On the sidewalks of New York

I recently returned from a short New York vacation, the opposite of a cottage getaway: you leave to energize and come home to unwind.

And walking the streets (not like that) it seems like the best shows really are on Broadway – just not inside.

For instance…

It feels like there’s a version of everyone you know or could imagine wandering around NY. Just look around and you’ll notice them. The similarities in faces, hair and mannerisms. Call it N-Yapparitions.

The City’s sidewalks feature an entrepreneurial bizarre (sic). I saw a grizled old guy handily demonstrating the fine art of slicing and dicing vegetables with some sort of metallic gadget and he drew a crowd. If you’re good at something you can do that in Manhattan.

There’s an endless stream of people pouring out of every nook and cranny – day and night. And so many connections, however tenuous or fleeting. It’s exciting and surprising and shocking and chaotic and funny and fast, fast, fast. This is a real social network in action. NYC is like the urban template for online.

Insult spam

For the past several weeks, my spam filter has been blocking emails I’m calling insult spam. The New York Times wrote about them in June, around the time I started receiving them.

(Oh, how wonderful it is to be an early adopter!)

Basically, these messages have a customized subject header that says things like: ‘You look stupid mwaxman’ or ‘You look like a moron mwaxman’.

At first glance, I was taken aback. I mean who are these people to tell me I’m a moron?

But then I had to laugh at the the absurdity of the situation. I mean, here I was feeling bad about a silly comment from someone I don’t know who’s ostensibly trying to spread a virus or sell me something.

And I wondered, who in their right mind, would open an email like this?

On further reflection, I realized messages like these are aimed at our neuroses, in much the same way as so-called complimentary spam (notes that say things like, ‘You look hot’ or ‘I noticed you across a crowded room’).

Essentially, they’re preying on our need to be liked.

And I think it’s high time we started doing a better job of human-filtering; of seeing things for what they are and leaving our insecurities behind.

In a world where communications plays such an important part of our lives, we owe it to ourselves to develop and practice good critical judgement.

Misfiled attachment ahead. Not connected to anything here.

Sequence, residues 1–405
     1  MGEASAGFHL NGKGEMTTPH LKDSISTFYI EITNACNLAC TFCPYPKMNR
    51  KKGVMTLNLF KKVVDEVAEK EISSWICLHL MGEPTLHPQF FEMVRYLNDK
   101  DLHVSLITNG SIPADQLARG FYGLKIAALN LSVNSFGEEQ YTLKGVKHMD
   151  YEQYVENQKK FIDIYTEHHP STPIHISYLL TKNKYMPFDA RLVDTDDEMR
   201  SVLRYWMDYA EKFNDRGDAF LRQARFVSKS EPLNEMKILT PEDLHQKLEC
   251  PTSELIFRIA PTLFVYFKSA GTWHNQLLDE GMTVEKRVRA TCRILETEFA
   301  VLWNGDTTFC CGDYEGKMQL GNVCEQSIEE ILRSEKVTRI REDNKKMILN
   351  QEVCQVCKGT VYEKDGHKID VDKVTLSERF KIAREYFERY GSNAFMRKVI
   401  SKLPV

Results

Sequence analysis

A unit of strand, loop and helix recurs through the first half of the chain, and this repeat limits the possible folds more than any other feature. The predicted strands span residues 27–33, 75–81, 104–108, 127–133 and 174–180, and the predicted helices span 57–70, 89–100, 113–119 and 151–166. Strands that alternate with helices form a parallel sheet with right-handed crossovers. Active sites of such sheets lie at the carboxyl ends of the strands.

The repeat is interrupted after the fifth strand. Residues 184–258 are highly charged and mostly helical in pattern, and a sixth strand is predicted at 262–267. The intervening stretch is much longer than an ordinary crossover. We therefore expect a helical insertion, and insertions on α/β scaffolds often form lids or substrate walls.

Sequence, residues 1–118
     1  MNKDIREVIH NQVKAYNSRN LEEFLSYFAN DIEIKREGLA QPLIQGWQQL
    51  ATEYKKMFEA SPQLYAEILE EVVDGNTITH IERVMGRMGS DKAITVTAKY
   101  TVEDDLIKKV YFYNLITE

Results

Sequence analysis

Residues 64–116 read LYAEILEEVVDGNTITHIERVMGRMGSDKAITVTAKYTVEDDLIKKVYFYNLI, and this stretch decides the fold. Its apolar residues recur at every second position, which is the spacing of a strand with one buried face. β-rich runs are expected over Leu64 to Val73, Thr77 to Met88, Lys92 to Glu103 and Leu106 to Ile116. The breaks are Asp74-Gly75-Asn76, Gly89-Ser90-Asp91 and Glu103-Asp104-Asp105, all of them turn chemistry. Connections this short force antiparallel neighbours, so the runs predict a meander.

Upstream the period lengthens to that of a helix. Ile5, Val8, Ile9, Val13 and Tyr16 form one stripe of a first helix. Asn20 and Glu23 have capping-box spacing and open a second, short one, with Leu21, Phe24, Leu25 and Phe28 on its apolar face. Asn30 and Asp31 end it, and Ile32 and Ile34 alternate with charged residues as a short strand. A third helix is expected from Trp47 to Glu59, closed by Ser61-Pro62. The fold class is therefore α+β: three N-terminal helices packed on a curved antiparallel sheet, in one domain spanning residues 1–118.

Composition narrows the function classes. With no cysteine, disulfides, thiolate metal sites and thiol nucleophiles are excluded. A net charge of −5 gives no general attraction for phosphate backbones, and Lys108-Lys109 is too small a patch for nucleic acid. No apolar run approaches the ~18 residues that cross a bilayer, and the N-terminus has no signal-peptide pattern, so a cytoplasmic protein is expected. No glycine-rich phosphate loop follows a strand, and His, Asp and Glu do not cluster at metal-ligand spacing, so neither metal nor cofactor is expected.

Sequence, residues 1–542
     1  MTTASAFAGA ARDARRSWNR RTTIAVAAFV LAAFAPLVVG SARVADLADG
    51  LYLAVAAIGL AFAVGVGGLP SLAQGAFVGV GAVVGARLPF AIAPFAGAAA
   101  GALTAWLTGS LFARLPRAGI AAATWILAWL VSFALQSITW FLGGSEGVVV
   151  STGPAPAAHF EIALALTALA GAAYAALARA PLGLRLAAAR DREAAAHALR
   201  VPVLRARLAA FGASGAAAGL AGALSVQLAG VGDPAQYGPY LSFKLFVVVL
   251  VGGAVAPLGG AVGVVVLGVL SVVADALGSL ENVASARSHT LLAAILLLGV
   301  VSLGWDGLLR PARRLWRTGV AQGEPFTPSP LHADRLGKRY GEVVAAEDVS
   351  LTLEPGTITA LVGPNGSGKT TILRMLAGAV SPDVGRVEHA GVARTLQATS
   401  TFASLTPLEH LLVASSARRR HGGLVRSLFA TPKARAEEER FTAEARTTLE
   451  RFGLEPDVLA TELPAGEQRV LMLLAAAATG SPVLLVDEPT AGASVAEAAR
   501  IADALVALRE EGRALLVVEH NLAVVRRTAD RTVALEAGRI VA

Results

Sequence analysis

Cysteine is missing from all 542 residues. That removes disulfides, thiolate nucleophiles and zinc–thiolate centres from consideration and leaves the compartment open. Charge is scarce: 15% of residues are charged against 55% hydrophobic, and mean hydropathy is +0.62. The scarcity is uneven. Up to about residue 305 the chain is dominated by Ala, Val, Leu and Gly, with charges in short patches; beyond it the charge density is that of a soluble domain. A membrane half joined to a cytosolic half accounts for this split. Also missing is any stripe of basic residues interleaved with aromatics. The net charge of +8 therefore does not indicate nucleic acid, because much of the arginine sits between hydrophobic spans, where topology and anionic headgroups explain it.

(Not) leavin’ on a jet plane

If you’ve been to New York recently and happened to be flying out via LaGuardia, you’ve probably experienced a delay.

Occasionally it’s short, often it can stretch in to a couple of hours or more.

And an advance call to your airline doesn’t always help diminish your terminal time.

Last summer, following a major rainstorm, a number of flights were cancelled and passengers on Air Canada were left to fend for themselves (mind you, if you have to be stranded overnight, Manhattan is the place to be).

One of the reasons for the delays is that there are more flights on smaller ‘regional’ jets than there used to be before 2001. Here’s an article that explains the situation.

So the next time you’re Leavin’ On a Jet Plane, instead of getting ‘hot under the collar’ as my Dad used to say, bring a book, a magazine, your ipod, some work, a DVD, then sit back, be patient and prepare to wait your turn.

A-rain-ment

Last week I was fortunate enough to be in Manhattan for work.

And while Ontario’s TV ads may claim, ‘there’s no place like this…’, they really should be referring to New York City.

It happened to be raining on my second day, constant but not a major storm by any account.

However, just like an old-time dance number, out pop the umbrellas. Seemingly everyone has one. And those who don’t can easily make a purchase from a street vendor, who appears out of nowhere, as if on cue.

And talk about coordination. People in Mantattan know how to navigate the crowded streets under an umbrella without hitting anyone in the face. It’s practically a feat of acrobatic prowess. Who choreographs the City?

I, unfortunately, was not so adept at the movements. And not wanting to put a damper on anyone else, I gave up after a few blocks, opting instead to expose myself to the elements.

How very Toronto-esque of me, I thought.

Today, during our afternoon of wet snow, many people (myself included) were caught without umbrellas. Did the entrepreneurial vendors appear to cash in on inclemency? Did most of us pull an umbrella from our collective sleeves?

Not a chance.

We just wandered around, sopping, cold and grumbling all the way.

To me that’s the difference between Toronto and New York: They refuse to submit. We prefer to soak it all up.

Stuck in NYC

I was heading back to Toronto from a day of meetings in Manhattan when my plane was cancelled at the airport (all Air Canada flights to Toronto, actually). And I found myself stranded overnight in NYC.

An adventure, to be sure, but not as exciting as I might have imagined. First there was the hubbub at the airport, the line-up to find out what flight we were now on, the taxi ride back to the city, the calls to (hopefully) get a hotel room, an alternate booking with another airline, emails/calls explaining what happened and then arranging an early wake-up to go to the airport again.

But back to the announcement. Folks at LaGuardia were flipping out and I could relate to their frustration (remembering an incident with the now defunct People Express airlines long ago). But this time I decided to accept my predicament and even laugh about it. Why get all hot under the collar (as we so often do) when you find yourself in a situation where you have absolutely no control?

Sometimes it’s better to just go with the flow…

COPYRIGHT 2013 - MARTIN WAXMAN COMMUNICATIONS. DESIGNED BY A NERD'S WORLD.